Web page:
Student Handbook » Head Lice

Head Lice

Head lice are a misunderstood nuisance health problem. Early precautions may prevent outbreaks of head lice in the school.

The following is some basic information about head lice. Infestation can happen to any one, any age and either sex. It is not a sign of poor health habits or being dirty.

Head lice are tiny insects that live on the human hair. They hatch from small eggs, called nits, which are attached to the base of individual hairs. The eggs hatch in approximately seven to ten days, with new lice reaching maturity in about two weeks. The mature lice proceed to lay more eggs. Signs to look for if concerned about an infestation are: persistent scratching of the head and back of the neck, scratch marks or rash on the scalp, and nits attached to the hair.

Once head lice have been identified, the condition needs to be addressed promptly to prevent the spread to others. There are a variety of over-the-counter preparations which are effective when used according to directions (NIX and RID are two). The use of products to help remove nits from the hair have not been found to be effective.

Once the lice and nits have been removed from the hair and scalp, the problem of reinfestation may still exist unless all articles that may contain live lice or nits, such as clothes, towels, and bed linens, stuffed animals, hair decorations, are washed in HOT water and detergent and dried using the HOT cycle of the dryer (20 minutes), dry cleaned of placed in a sealed plastic bag for a period of 2-3 weeks. Combs and brushes need to be washed in a pediculocide solution. The use of spray products to treat items which cannot be washed or dry cleaned are NOT effective. Items which cannot be washed, such as carpets, car upholstery, mattresses, sofas should be vacuumed thoroughly.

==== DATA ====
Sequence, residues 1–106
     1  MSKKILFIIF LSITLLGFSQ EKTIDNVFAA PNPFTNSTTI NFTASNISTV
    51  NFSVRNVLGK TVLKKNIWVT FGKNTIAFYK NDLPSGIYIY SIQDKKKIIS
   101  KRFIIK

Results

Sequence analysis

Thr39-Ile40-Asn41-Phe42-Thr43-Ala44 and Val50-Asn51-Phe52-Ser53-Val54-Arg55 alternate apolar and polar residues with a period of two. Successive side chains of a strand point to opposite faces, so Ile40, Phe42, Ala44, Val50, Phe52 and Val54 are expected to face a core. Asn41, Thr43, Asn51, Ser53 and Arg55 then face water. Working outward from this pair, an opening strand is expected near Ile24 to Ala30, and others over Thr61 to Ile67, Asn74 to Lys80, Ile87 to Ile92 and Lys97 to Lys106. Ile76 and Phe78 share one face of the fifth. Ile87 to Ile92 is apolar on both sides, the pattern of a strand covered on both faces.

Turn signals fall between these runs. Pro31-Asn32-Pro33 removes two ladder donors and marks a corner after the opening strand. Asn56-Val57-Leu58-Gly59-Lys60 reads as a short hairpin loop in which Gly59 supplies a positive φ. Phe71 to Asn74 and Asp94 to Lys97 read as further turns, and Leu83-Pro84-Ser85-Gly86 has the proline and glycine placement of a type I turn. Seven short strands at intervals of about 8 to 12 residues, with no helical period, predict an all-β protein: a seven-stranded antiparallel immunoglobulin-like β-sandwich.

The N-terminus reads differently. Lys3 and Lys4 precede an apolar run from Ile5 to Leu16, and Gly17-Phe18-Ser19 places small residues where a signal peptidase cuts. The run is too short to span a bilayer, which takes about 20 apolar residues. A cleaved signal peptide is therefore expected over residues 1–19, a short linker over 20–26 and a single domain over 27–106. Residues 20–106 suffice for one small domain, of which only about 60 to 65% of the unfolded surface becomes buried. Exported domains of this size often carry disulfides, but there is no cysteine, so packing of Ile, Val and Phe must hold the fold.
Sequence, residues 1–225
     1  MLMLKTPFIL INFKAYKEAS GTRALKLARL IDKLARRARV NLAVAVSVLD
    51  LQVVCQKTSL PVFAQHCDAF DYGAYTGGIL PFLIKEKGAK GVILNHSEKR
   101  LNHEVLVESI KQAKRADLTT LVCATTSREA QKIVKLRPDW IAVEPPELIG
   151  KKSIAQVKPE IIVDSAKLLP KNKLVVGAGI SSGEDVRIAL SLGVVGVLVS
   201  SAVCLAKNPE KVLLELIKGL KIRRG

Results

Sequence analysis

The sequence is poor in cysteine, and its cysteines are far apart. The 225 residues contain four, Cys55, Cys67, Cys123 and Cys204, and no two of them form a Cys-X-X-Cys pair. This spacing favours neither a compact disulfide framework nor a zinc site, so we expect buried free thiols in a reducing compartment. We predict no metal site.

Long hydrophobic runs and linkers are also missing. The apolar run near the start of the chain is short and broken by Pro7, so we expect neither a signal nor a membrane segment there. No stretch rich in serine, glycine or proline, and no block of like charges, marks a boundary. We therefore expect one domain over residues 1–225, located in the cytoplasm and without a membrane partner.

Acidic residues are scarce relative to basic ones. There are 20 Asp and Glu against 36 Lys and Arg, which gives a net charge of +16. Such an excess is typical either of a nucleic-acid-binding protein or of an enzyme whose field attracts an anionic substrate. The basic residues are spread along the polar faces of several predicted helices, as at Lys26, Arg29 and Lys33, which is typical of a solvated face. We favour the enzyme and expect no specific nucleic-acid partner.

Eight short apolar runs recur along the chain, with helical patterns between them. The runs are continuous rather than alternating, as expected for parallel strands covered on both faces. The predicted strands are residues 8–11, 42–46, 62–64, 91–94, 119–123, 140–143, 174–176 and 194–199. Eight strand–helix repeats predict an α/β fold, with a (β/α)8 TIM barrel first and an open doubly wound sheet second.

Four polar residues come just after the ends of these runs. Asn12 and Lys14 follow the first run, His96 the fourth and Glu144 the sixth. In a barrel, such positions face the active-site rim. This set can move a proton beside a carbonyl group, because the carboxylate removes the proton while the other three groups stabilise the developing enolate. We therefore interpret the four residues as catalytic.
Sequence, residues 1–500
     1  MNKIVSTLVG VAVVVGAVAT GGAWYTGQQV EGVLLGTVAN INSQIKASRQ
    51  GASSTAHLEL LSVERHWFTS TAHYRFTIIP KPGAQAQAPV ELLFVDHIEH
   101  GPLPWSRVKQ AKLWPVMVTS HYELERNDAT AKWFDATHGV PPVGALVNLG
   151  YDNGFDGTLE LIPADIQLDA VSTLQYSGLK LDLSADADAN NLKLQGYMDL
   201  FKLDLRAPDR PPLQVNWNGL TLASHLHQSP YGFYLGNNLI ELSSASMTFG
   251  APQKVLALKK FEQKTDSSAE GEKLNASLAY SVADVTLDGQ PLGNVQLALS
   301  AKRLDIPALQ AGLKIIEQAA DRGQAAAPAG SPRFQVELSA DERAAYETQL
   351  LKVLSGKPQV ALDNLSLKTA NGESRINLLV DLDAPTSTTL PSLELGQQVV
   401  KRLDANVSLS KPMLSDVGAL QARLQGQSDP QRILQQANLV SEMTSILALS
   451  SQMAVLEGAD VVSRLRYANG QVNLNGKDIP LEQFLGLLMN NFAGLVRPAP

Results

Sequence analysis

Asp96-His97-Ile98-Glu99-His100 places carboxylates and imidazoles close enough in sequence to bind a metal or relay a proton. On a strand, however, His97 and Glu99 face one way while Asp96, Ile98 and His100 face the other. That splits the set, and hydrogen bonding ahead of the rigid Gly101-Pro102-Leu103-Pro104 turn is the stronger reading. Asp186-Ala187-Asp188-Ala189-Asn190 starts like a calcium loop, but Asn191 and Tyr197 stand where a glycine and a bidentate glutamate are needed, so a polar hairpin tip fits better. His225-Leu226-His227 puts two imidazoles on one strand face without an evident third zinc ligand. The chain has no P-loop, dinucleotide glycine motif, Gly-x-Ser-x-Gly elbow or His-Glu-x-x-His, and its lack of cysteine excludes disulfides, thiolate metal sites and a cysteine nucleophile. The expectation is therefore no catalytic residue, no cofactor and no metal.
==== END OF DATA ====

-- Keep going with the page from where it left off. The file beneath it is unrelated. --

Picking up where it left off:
If school personnel observes live lice or nits on your child’s head, you will be notified immediately and s/he will need to be picked up from school. After the initial treatment and removal of ALL nits from the hair, your child may return to school.

If you discover head lice, it is important that you notify the school so your child’s class can be checked for other cases. Parents of your child’s friends, scout groups, teams where a helmet or hat is shared, should also be notified.

Animals do not carry human head lice.